Thursday, April 12, 2007
Imus In The Dustbin
Don Imus used to be on radio in El Pueblo de Los Angeles, but was replaced three or four years ago, I guess because of ratings. I listened to him pretty often, because he had quite a few political and media personalities on his show that could be heard no where else--or maybe not very often. He has a (usually) good sense of humor and had a lot of really funny comedy bits on the show.
Over a week ago now, Imus told a joke that was not well-received by the left, by the so-called black leadership and by the Rutgers University women's baxabaw team. The Rutgers women, of course, have every reason to be angry and hurt--or, they might just consider the source: a fairly articulate but not overly intelligent talk show host of whom they've never previously heard. Then, they could chuckle derisively and move on.
One thing that disturbed me is the quote I heard from one of the athletes, whose name wasn't given (apparently athletes are considered interchangeable sub-beings in leftist msm circles): "His statement diminishes our achievement," or words to that effect. Either this young woman is mining for tv face time and a possible lawsuit and book deal, or she's taking Don Imus and his clumsy attempt at a joke way too seriously. Everybody gets insulted from time to time. These young ladies, like all athletes, have suffered far worse countless times in the arenae of their opponents.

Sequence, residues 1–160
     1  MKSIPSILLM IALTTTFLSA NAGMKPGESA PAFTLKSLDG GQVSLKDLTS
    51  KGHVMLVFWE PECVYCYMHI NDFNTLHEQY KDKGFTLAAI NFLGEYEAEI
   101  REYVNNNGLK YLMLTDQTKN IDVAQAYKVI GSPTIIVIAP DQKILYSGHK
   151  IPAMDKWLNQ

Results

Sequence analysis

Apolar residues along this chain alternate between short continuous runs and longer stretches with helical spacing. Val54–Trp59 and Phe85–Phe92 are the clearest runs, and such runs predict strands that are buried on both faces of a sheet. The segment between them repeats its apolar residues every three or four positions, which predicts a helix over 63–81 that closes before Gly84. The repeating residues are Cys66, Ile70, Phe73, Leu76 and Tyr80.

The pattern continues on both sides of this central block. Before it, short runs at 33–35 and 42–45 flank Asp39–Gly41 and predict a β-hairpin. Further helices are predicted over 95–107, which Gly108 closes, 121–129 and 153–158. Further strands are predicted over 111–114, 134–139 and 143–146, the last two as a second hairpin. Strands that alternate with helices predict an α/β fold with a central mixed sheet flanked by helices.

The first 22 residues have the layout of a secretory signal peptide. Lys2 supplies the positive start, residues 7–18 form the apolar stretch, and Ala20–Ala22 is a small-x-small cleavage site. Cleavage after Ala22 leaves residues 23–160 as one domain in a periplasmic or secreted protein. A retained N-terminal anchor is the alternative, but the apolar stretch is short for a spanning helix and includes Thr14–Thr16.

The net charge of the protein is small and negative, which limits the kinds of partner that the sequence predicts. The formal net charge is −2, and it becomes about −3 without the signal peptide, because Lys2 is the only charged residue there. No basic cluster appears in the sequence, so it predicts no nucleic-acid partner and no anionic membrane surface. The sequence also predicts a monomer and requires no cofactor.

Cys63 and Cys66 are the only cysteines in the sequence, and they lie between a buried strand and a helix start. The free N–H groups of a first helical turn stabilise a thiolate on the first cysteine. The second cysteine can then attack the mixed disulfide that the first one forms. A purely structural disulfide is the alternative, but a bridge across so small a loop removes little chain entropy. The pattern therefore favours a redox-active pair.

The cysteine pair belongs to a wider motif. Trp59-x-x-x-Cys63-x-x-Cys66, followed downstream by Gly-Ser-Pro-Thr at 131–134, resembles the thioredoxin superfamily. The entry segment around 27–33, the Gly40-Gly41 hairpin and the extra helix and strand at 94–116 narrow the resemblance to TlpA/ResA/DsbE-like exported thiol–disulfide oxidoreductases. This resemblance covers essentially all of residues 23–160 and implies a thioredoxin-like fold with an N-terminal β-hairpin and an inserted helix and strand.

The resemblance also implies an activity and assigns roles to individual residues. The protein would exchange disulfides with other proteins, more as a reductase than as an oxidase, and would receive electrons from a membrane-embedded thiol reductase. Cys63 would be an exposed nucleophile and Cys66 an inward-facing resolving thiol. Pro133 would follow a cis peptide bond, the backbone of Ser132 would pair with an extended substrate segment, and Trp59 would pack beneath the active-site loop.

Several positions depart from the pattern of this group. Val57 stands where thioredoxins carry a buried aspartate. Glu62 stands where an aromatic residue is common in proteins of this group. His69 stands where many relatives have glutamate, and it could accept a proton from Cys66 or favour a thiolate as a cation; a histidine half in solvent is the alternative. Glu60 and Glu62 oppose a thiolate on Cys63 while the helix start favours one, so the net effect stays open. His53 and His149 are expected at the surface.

There's no doubt that Imus' firing is justified. He's used racial and ethnic insults for a long time, against many ethnicities. The object of most of his insults were politicians and other individuals in the public eye, and were delivered along with some occasionally justified criticism of their behavior. This time, however, he insulted a group of young college athletes who are not in the public eye, except for their identity as a sports team. A winning sports team, who were runners-up in the national women's college basketball championship. Certainly this group doesn't deserve, individually, or as a group, to be called "nappy-headed hos." Imus' sponsors ran away from him, and his radio and tv networks saw the writing on the wall. All this as the result of the accusatory blatherings of (mostly) a couple of hypocritical charlatans, pseudo-preachers Al Sharpton and Jesse Jackson, whose own personal histories are more than a little checkered in the area of racial and ethnic bigotry.
I stop short of regarding this appellation racist, though, for a couple of reasons. First, not all of the Rutgers female baxabaw players are black. I distinctly spotted two white faces in their team photo. Second, I'm continually hearing these and other epithets, some worse, used by blacks--not only in face-to-face interaction, but in movie and tv dialog and most often, in music lyrics. Words and phrases used that routinely in public discourse an hardly be the stuff of racial insult. In an old pop tune, Stevie Wonder referred to his younger self as a "nappy-headed boy."
What I now worry about is that every actor, journalist, talk show host or other celebrity being discredited or otherwise condemned for a careless word or phrase. Or maybe, if this nascent crusade goes far enough (and it might) even result in condemnation of the average person who's heard to tell an off-color or ethnic joke in the wrong company. If you've ever attended a sexual harassment lecture, you realize what might happen and how easily it can happen.
As that sweet lush, Joan Rivers , often says, "Oh, grow up!"
Remember the First Amendment, and keep it wholly.